The Protector of Pilgrims - Psalm 121

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Under the Old Covenant faithful Jews made regular trips to Jerusalem. There were three annual feasts or festivals and so three times a year Jews from all around would make the pilgrimage to Jerusalem to celebrate the feasts in the city of God. As they would travel, they would often sing; and over time there came to be a set of fifteen songs that provided the soundtrack for the trip.

These fifteen songs, were actually psalms and they have been grouped together in our Bibles. Psalms 120-134 are known as Songs of Ascents because they were sung as pilgrims ascended the hills to Jerusalem.

While not all of the songs were written with this trip in mind, some of them were – and Psalm121 is one those psalms. It’s written about the journey to Jerusalem, the difficulty of the trip and the need for help; but it’s actually a song of encouragement: Those who travel to the city of God can know that God is their help and their protector for the journey.

A Song for Us – Pilgrim’s on a Journey

It makes sense that this is a song that was sung by people as they went on their journeys to Jerusalem, but it is also a good song for us. We too are a people on our way to a city. As we travel there are dangers and troubles along the way, but this psalm is a reminder of the presence of God and of His protection of His people. 

The Traveler’s Concern and Confidence (121:1-2)

  • A question of concern (v. 1) – As this traveler begins his trip to Jerusalem, he looks at the hills ahead and recognizes his need. This is a difficult and potentially dangerous trip. He’s looking toward the city of God, but he’s also aware of the threats along the way, and so he asks the question – where does my help come from?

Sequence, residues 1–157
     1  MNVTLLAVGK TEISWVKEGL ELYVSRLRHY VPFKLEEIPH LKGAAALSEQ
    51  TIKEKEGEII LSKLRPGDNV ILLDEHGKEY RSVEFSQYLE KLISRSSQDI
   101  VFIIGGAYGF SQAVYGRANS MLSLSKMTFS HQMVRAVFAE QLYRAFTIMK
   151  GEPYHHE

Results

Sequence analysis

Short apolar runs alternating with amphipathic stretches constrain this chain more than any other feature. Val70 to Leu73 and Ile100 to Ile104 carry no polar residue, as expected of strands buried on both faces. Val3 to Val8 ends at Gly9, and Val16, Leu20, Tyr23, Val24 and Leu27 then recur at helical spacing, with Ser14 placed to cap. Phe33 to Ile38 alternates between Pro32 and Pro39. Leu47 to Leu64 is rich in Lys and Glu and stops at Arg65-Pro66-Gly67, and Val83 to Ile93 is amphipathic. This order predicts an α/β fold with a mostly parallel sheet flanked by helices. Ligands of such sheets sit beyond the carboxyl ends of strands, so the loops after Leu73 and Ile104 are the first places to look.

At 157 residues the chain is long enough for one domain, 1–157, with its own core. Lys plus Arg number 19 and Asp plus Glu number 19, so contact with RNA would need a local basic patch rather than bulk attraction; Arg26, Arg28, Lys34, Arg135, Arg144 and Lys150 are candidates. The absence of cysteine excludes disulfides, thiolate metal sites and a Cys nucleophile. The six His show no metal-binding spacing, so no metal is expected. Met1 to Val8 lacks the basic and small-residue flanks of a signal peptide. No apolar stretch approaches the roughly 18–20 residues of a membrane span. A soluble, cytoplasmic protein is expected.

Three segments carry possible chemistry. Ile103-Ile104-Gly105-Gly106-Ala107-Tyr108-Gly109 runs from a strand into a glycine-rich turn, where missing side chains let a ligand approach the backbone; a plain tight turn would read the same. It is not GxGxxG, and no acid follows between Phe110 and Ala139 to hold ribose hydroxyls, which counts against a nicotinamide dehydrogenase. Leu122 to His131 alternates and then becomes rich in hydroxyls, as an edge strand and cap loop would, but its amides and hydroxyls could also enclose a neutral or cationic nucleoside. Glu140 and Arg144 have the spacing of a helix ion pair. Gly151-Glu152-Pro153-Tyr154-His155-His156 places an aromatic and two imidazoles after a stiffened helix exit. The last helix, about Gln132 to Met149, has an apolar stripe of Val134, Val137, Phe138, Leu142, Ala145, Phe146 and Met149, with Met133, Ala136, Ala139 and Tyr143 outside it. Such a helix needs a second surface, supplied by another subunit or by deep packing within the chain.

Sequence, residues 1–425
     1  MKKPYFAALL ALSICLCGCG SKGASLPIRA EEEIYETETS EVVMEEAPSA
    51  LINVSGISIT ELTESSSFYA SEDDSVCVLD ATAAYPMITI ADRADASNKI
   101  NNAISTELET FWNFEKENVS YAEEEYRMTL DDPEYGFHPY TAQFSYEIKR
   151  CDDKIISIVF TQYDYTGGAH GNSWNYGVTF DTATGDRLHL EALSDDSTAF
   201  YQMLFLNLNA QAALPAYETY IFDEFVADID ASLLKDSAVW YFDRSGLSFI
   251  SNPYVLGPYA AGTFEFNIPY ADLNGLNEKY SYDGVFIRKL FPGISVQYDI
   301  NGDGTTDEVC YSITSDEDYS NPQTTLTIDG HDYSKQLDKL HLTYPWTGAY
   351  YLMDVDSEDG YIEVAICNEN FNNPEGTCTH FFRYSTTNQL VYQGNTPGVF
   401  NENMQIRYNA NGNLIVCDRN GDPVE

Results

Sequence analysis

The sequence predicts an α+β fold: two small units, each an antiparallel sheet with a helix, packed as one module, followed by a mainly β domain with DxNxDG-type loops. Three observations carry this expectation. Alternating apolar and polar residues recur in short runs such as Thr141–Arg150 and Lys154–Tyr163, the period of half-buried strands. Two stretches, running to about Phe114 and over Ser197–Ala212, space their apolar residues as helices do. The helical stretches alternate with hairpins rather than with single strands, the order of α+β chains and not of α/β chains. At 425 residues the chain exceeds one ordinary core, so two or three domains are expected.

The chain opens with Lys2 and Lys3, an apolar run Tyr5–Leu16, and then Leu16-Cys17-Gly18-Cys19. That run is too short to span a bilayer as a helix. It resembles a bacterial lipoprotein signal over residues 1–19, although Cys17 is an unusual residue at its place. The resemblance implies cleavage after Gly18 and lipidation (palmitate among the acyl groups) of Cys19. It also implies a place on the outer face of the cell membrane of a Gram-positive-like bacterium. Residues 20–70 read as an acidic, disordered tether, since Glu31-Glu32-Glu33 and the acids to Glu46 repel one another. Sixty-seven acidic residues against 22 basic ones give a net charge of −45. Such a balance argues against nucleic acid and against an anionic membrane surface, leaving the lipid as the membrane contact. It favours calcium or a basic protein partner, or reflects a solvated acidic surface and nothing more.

• A statement of confidence (v. 2) – While this traveler is certain of his need for help, he’s also certain of who he can go to for help. He is confident in the help of the Lord (Yahweh). And the Lord is a capable helper because He’s the Lord and creator of all things. The One who made the hills is the One who is ready to help those who are traveling through the hills (Psalm 124:1-5, 8; Romans 8:31-32).

The Response of a Good Friend and Counselor (121:3-8)

  • A change of voice – From verse 2 to verse 3 there’s a change of voice from the first person to the second person. This literary device makes is seems as though the speaker changes. One way to read this is that the traveler has a friend who hears his question and his statement of confidence and adds his own words of confidence in the God who helps and keeps His people.

You can trust the Lord’s protection – He is always awake and attentive (vv. 3-4)

  • He will keep you from falling (v. 3a) – The journey to Jerusalem wasn’t easy and the roads weren’t always smooth, but the psalm reminds us of God’s help – He will keep His people from falling.
  • The keeper (protector) never sleeps (vv. 3b-4) – The word keep (protect) is used six times in the psalm. God is the One who keeps His people and His keeping can be trusted at all times because God is always awake and attentive – He never sleeps.
  • Application – There may be times when God seems silent, but He’s always there and active. He’s never asleep.

You can trust the Lord’s protection – Nothing will harm you by day or night (vv. 5-6) 

  • Protection from the weather – A trip on foot exposes a person to whatever the environment brings – but God is the protector of His people. He’s their shade from the sun and their safety in the night. He’s always present and always protecting.

You can trust the Lord’s protection – In all of life, now and always (vv. 7-8)

  • A change of tense – Between verses 6 and 7 there’s a change from the present tense to the future tense. The psalmist wants us to know that the presence and protection of God aren’t only for today, but for all the days ahead.
  • From specific to general – These final verses make it clear that the promises of God’s protection aren’t limited to this particular trip to Jerusalem and its’ dangers. The Lord will keep you from all evil – He will keep your whole life, now and forever (Romans 8:38-39; Psalm 23:4-6).
  • Conclusion – The point of the psalm is not that the journey of faith will be easy – but that God will be present and that He will keep His people.